SINGAPORE: When mulling the issuance of digital currencies to the public, global central banks must “carefully weigh” the implications of doing so in areas such as payments, monetary policy and financial stability.
This even as the underlying technologies might hold more promise for wholesale payments, clearing and settlements, said a joint report by the Committee on Payments and Market Infrastructures (CPMI) and the Markets Committee released on Monday (Mar 12).
The affiliate body of the Bank for International Settlements (BIS) noted that some central banks have started to consider issuing digital currencies of their own. This is fuelled by factors such as interest in technological innovations for the financial sector, the emergence of new entrants into payment services and intermediation, declining use of cash in a few countries and increasing attention to so-called private digital tokens.
“CBDC (Central bank digital currencies) is potentially a new form of digital central bank money that can be distinguished from reserves or settlement balances held by commercial banks at central banks,” said the report from the Basel-based institution.
It looked at two forms of central bank-issued digital currency – a wholesale currency limited to select financial institutions and a general purpose currency accessible to the public – and their implications on core areas like payments, monetary policy implementation and financial stability.
The report noted that wholesale CBDCs, combined with the use of distributed ledger technology, may enhance settlement efficiency for transactions involving securities and derivatives.
However, currently proposed implementations for wholesale payments “look broadly similar to, and not clearly superior to, existing infrastructures”.
As such, “more experimentation and experience would be required before central banks can usefully and safely implement new technologies supporting a wholesale CBDC variant”, the report added
When it comes to a digital currency that could be made widely available to the general public and serve as an alternative to cash, the provision of CBDC could bring substantial benefits, said the report.
However, central banks should also analyse whether these benefits could be achieved by other means. “Most importantly, while situations differ, the benefits of a widely accessible CBDC may be limited if fast and efficient private retail payment products are already in place or in development,” the report said.
A central bank introducing such a CBDC would also have to ensure the fulfilment of anti-money laundering and counter-terrorism financing requirements, as well as satisfy the public policy requirements of other supervisory and tax regimes, it added.
Mr Benoit Coeure, the committee’s chair and a member of the European Central Bank’s Executive Board, said: “Central bank digital currencies could help make settling trades of securities and foreign exchange more efficient in the future. But more work and experimentation would be needed to explore these benefits.”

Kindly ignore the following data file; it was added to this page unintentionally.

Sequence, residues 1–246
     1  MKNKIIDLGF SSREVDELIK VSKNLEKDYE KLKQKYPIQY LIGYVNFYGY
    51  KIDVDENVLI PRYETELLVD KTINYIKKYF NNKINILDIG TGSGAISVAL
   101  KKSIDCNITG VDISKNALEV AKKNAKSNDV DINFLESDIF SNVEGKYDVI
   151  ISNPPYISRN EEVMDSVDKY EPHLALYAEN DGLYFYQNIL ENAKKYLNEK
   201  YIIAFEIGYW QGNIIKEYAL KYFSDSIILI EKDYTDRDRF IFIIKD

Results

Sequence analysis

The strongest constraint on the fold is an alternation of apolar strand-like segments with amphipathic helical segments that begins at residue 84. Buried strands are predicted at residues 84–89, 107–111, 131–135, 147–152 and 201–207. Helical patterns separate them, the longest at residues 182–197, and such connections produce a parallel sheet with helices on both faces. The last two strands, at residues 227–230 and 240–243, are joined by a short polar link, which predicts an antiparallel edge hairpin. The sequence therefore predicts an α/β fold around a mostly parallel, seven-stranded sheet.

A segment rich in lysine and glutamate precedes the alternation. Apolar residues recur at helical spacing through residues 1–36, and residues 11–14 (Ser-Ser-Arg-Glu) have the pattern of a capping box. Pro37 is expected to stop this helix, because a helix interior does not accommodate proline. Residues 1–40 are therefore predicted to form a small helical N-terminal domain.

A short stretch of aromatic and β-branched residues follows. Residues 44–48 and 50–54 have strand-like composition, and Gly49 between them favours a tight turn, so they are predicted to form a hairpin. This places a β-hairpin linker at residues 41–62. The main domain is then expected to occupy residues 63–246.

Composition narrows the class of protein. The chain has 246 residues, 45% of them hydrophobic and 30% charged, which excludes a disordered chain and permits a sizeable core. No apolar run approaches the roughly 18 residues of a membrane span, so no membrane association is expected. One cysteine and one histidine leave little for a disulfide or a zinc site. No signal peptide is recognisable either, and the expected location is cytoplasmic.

“General purpose central bank digital currencies could revolutionise the way money is provided and the role of central banks in the financial system, but these are uncharted waters, with potential risks,” he added.
While CBDCs could give central banks a new monetary policy tool that could enhance the transmission of policy rates to the real economy, existing tools can already achieve similar goals, according to Ms Jacqueline Loh, chair of the Markets Committee.
“Central banks should continue to monitor developments in digital innovations, as well as analyse the possible implications of central bank digital currencies for areas that are core to the central banking mandate,” added Ms Loh, who is also deputy managing director of the Monetary Authority of Singapore (MAS).
“For example, a general purpose central bank digital currency could impact bank deposits, a major source of funding for commercial banks, with implications for financial stability,” she said.
Hence, any steps towards the possible launch of a CBDC should be subject to careful and thorough consideration, the report said.
“Further research on the possible effects on interest rates, the structure of intermediation, financial stability and financial supervision is warranted. The effects on movements in exchange rates and other asset prices remain largely unknown and also deserve further exploration.
“More generally, central banks and other authorities should continue their broad monitoring of digital innovations, keep reviewing how their own operations could be affected and continue to engage with each other closely. This includes monitoring the emergence of private digital tokens that are neither the liability of any individual or institution nor backed by any authority,” it said.
The report noted that at the moment, volatile valuations, as well as inadequate investor and consumer protection, make digital currencies “unsafe to rely on as a common means of payment, a stable store of value or a unit of account”.
Speaking at a separate UBS event in January, MAS managing director Ravi Menon said while Singapore’s central bank is not ruling out the idea of issuing digital currencies to the public, he wasn't sure it would be a good idea.